After you have done the above program for at least six weeks, your body should be well acclimated to single-repetition work and ready for a more advanced regimen of heavy singles. This program has a greater total workload and better prepares you for the workouts to come. You will notice that this program also contains an extra light workout. If you have been training Monday, Wednesday, and Friday, then this extra light session would fit in best on Tuesday. While not everyone needs this extra session, it will work wonders for a lot of lifters who need to add in some extra work, but don’t need to make their heavy workouts any longer than they are already.
· Squats—2 to 5 singles (followed by a possible max effort), followed by 1 set of 5 reps and 1 set of 10 reps. After the initial program, your nervous system should be more efficient at moving heavy singles, which is the reason I have you starting with a weight you can only get 2 singles with. If you manage to get all 5 singles with the weight you’re using, then go for a personal record on a 6th set. Never attempt a weight you have done before—go for a new record every time. After your final single, drop down in weight for a set that makes you work hard for 5 reps, followed by one that makes you work hard for 10 repetitions.
· Flat Bench Presses—2 to 5 singles (plus max effort if necessary), followed by 1 set of 5 reps and 1 set of 10 reps. Use the same method as the squats.
· Deadlifts, Deadlifts Off Blocks, or Rack Deadlifts—5 to 7 progressively heavier singles, followed by 3 sets of 3 reps. For these use a different method than the squats or bench presses. Rotating between the three exercises every week, work up over 5 to 7 singles until you hit a maximum weight. After your final single, drop down to 80-85% of that weight and perform 3 sets of 3 reps.
· Dumbbell Curls alternated w/ Close-grip bench presses—varying repetition ranges. Change the sets and reps every week, using 4 sets of 10-15, 2 sets of 20, 5 sets of 8, etc. Shoot for around 80-100 reps total between both exercises.
· Abs—5 sets of 40 to 60 reps. Pick a hard exercise for this day—hanging leg raises, steep incline sit-ups, etc.
Light Day (one)
· Front squats or Overhead Squats—5 singles. Use a weight that’s around 50-60% of the weight used on squats the previous day—just don’t go over 60%. Alternate between these exercises, doing the overhead squats every third week. As for form, on the front squats make sure the bar is resting high across your chest, almost on you neck. This will make you squat very upright and will work your quadriceps hard. For the overhead squats, press the weight over your head. Once it is locked out, keep it there as you squat down and up over the course of the entire set.
· Overhead Presses—2 to 5 singles, followed by 1 set of 5 reps. Use the same technique as the bench presses from the heavy day, just make sure to drop the second down set of 10 repetitions.
· Snatch Grip Deadlifts—3 to 6 singles. By snatch grip, I’m talking about using a wide grip, with your pinky finger almost touching the power rings—the same grip used by Olympic lifters when performing the snatch. This exercise is naturally tougher because of your grip and the way it works your back muscles. Still, make sure you use no more than 50% of what you used on your back exercise on the heavy day.
Light Day (two)
· Close-stance, High-bar Pause squats—2 to 5 singles. Use the same method with these as the squats on Monday, omitting any of the down sets. Make sure you pause for a count of 2 to 3 seconds at the bottom of the movement.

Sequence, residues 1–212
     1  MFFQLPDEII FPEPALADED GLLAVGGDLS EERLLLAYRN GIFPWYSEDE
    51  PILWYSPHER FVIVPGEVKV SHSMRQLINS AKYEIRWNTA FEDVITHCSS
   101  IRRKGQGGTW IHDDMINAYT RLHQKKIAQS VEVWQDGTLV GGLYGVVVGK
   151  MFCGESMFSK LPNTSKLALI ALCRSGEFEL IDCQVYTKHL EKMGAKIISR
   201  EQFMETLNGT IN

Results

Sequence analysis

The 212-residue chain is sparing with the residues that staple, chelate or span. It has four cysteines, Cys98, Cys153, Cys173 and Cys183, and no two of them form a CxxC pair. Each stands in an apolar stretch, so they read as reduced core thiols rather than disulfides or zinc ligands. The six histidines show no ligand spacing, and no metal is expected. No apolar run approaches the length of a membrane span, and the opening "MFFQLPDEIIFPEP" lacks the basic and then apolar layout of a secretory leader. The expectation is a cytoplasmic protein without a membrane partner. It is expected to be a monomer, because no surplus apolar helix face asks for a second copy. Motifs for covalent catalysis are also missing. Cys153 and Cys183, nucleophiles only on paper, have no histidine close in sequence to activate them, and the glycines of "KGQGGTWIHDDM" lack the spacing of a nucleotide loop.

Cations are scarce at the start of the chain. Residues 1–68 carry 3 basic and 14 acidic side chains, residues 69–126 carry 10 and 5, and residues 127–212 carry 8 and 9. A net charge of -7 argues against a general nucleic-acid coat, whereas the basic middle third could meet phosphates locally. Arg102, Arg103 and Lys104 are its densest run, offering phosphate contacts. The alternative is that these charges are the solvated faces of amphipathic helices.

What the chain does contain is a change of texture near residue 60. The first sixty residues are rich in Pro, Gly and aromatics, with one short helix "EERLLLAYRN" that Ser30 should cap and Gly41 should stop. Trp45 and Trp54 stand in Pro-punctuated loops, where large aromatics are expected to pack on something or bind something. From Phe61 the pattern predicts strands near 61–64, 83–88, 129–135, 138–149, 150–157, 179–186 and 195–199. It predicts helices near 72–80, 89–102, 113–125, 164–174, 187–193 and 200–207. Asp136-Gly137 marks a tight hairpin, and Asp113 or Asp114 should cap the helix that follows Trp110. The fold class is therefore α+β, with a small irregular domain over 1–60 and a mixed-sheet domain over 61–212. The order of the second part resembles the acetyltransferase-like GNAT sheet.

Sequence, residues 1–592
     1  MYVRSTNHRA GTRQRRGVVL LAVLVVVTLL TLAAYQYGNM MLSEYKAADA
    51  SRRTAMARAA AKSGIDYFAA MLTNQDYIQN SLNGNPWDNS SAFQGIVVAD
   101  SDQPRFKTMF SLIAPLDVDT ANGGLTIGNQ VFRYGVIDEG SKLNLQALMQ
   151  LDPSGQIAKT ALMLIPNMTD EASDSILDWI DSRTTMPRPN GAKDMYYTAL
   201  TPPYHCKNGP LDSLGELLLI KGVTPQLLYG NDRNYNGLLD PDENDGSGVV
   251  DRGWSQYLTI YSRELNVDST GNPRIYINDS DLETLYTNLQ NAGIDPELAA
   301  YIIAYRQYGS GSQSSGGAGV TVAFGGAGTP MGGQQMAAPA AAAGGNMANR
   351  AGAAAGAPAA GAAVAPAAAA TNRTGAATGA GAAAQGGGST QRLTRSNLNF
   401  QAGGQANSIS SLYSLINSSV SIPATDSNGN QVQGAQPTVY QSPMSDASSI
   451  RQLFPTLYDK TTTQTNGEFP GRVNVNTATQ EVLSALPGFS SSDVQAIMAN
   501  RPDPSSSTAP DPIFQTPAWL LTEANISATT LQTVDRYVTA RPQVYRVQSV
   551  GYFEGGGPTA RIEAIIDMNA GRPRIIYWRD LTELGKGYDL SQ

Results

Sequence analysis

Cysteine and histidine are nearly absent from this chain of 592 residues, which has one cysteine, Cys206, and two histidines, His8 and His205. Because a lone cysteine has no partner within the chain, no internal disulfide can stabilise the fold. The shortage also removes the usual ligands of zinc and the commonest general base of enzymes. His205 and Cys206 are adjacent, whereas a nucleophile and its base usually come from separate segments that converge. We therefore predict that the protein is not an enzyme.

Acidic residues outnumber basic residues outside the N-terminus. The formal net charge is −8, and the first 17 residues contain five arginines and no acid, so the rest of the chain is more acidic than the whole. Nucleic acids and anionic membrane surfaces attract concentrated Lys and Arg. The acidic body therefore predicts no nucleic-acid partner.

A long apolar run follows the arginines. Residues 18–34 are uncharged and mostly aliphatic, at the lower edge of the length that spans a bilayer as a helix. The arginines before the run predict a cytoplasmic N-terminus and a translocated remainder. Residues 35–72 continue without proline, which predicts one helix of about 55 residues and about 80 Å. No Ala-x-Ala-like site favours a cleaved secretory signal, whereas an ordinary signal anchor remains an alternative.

· Incline Bench Presses—2 to 5 singles. Use the same 2x5 system as the pause squats above.
· Rounded Back Good Mornings—4 to 5 progressively heavier singles. Work up to a weight that’s around 90% of your maximum on the final single.
· Dips—5 progressively heavier sets of 8, 5, or 3 reps. Use a dip belt to add weight on these. Alternate between the three different repetition ranges each week.
· Abs—5 sets of 40 to 60 reps.
· Box Squats—2 to 5 singles, followed by 1 set of 5 reps and 1 set of 10 reps. Use the same method with these as the regular squats on heavy day—without the maximum attempt after all 5 singles. The nature of this exercise should take care of how much weight you use, just make sure you don’t exceed 90% of the weight from the heavy day. For form, use a box that, when you sit down on it, is below parrallel. Make sure you sit back on the box, not straight down. Pause on the box briefly, relaxing your hip muscles but keeping your other muscles tight.
· Close-grip Bench Presses—2 to 5 singles, followed by 1 set of 5 reps and 1 set of 10 reps. Use the same set/rep format as bench presses on heavy day, except don’t attempt a maximum attempt at the end of the 5 singles.
· Barbell Shrugs—5 to 7 progressively heavier singles. Start out with a couple of light warm-upsets of 5 reps. After that, work up over 5 to 7 singles until you hit your max weight for the day.
· Barbell Cheat Curls—5 progressively heavier singles. For these, don’t just let your biceps do the work. Intentionally cheat throughout the concentric portion of the movement by using your hips and back to swing the weight up. Throughout the eccentric portion, lower with control.
· Abs—5 sets of 40 to 60 reps.
After several months on the above programs, I can guarantee you will be bigger, stronger, and thicker than before you started either program. You’ll also have the muscle and strength in all the right places since these routines focus on the rear of your body just as much as the front. Even if your goal in training is to be a competitive bodybuilder, I don’t want you skimming over this part without trying it (or any of the future parts with programs that include singles). Trust me: even if your main goal is hypertrophy, your body will benefit from these workouts. There’s a noticeable difference between the look of muscle built with heavy, low rep training, and the type built with high-rep pumping workouts. Never forget it!